I don’t know if there’s a way for businesses to authentically diversify their image because it’s so wrapped up in capitalism. I’d like to see businesses that are using all these black and brown bodies shipping those profits to the communities that a lot of these minority models and celebrities are coming from (low income black neighborhoods, undocumented migrants, immigrants), so I guess that would be a start, but it doesn’t seem realistic to me. It’s mad heady talking about queer representation within the constraints of capitalism. I am simultaneously frustrated but also benefiting from the cultural capital I get as a queer brown person. I could say so much on this, there’s a lot to unpack.
“I’d like to see businesses that are using…black and brown bodies shipping those profits to the communities that a lot of these minority models and celebrities are coming from.”
MP: As an independent artist, you’ve had to act as your own manager, agent, publicist and beyond. What’s been your experience in the music industry thus far, especially as it pertains to being in control of your own image?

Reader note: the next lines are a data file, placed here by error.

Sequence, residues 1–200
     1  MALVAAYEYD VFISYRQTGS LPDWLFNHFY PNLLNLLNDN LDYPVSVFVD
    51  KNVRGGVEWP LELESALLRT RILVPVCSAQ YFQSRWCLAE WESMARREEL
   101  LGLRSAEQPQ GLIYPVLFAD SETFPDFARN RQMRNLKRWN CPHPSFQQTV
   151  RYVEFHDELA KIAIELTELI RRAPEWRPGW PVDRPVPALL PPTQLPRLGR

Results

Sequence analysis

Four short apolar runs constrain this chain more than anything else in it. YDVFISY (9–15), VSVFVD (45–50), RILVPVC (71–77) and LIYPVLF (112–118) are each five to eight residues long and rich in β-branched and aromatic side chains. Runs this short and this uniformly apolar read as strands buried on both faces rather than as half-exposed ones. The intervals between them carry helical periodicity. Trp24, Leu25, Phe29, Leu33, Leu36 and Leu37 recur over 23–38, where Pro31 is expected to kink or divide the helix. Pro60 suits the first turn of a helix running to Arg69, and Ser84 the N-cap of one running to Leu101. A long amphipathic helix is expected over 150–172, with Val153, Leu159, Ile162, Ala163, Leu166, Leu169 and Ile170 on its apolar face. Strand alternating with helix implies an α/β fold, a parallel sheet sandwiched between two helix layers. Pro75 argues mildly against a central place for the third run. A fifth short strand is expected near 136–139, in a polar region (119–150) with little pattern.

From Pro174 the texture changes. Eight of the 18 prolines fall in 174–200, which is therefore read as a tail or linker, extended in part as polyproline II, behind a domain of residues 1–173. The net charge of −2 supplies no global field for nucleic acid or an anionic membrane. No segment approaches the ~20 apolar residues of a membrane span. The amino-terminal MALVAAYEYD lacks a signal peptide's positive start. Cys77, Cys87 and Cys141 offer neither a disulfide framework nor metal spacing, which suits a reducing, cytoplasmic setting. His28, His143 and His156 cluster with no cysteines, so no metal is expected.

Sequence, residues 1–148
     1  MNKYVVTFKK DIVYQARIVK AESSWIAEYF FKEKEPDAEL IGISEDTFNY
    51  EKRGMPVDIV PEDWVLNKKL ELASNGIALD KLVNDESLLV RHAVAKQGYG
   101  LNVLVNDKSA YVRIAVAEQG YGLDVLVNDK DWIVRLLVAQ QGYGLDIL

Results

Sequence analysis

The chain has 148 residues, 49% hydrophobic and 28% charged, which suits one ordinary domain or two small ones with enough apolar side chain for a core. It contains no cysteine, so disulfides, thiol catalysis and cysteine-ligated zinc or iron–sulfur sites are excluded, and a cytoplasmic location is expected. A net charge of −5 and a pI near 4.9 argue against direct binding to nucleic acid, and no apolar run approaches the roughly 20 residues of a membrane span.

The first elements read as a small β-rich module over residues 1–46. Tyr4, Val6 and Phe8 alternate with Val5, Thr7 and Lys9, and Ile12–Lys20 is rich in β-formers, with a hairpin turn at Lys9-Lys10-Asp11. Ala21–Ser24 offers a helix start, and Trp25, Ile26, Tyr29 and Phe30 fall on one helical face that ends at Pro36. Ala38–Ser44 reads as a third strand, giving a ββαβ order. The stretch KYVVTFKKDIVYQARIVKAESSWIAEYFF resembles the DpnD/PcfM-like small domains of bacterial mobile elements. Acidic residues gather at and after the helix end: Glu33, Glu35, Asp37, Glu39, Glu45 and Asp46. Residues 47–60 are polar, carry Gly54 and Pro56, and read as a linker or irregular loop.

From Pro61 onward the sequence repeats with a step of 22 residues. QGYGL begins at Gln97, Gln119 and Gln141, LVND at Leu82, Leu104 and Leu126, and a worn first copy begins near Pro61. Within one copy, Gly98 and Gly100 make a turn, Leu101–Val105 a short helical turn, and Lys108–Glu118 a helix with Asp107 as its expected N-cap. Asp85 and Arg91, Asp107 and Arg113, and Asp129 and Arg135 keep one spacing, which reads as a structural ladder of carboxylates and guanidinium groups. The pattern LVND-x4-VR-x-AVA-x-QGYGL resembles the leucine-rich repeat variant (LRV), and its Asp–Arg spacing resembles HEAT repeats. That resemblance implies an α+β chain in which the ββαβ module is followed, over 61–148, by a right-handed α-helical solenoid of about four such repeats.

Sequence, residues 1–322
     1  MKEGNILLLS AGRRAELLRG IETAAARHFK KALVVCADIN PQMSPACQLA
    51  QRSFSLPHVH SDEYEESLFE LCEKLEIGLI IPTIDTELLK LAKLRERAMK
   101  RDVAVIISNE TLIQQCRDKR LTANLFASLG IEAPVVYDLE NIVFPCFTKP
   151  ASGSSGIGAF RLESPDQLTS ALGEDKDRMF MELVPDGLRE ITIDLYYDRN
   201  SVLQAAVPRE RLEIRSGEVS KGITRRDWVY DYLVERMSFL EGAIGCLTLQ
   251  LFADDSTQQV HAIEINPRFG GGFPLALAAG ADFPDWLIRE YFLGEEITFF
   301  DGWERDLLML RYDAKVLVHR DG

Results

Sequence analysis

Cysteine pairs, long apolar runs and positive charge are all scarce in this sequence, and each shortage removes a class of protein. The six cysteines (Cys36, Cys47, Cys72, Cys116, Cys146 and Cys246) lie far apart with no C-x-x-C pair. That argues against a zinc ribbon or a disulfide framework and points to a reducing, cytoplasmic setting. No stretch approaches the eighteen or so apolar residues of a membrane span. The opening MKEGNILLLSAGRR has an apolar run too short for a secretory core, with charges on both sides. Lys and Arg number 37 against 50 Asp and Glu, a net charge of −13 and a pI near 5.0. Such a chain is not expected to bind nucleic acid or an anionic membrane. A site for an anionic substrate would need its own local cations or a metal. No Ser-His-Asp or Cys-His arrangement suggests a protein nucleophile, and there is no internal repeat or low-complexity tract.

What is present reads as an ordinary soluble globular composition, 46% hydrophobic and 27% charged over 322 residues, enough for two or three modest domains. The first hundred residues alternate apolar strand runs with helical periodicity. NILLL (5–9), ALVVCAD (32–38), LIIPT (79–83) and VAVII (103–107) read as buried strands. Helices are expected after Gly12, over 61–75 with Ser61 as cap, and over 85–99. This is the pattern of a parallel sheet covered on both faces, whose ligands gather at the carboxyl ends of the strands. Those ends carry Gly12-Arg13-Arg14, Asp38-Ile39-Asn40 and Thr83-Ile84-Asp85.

MS: I definitely have been learning by doing. I made my first EP as part of my undergraduate thesis, so I was kind of blinded by the confines of being in a privileged college student bubble. I just dropped the EP and had no idea how to navigate publicity, labels, managers, or any of that. I was mostly focused on the music. With the drop of “Jinx”, I learned that I could just cold email publications and get people to write about my shit, so that led to the Dazed premiere and a lot of other exciting things. I have some new people on the Ushamami ~team~ now but I feel lucky that they’re all really supportive and allow me to be the creative and musical director of the whole effort. Being independent is great because all I think about is making the best art possible and only having to worry about our own vision.
MP: What’s next for Ushamami in 2019?
MS: So much is in the works right now! I have a full length album on the way, but I’m not sure when that will be out. Maybe early 2020? I’m trying to be patient. But, there will definitely be some new music from me by the end of the year. And lots of visuals to go along. I’m excited to share how my music has developed. It feels like I’ve finally found my sound.
Ushamami’s next performance in NYC will be on Sat, July 13 at the Abrons Art Center for the Happy Family Night Market festival. She will be performing outside in the amphitheater at 5pm with a live band — Tickets here.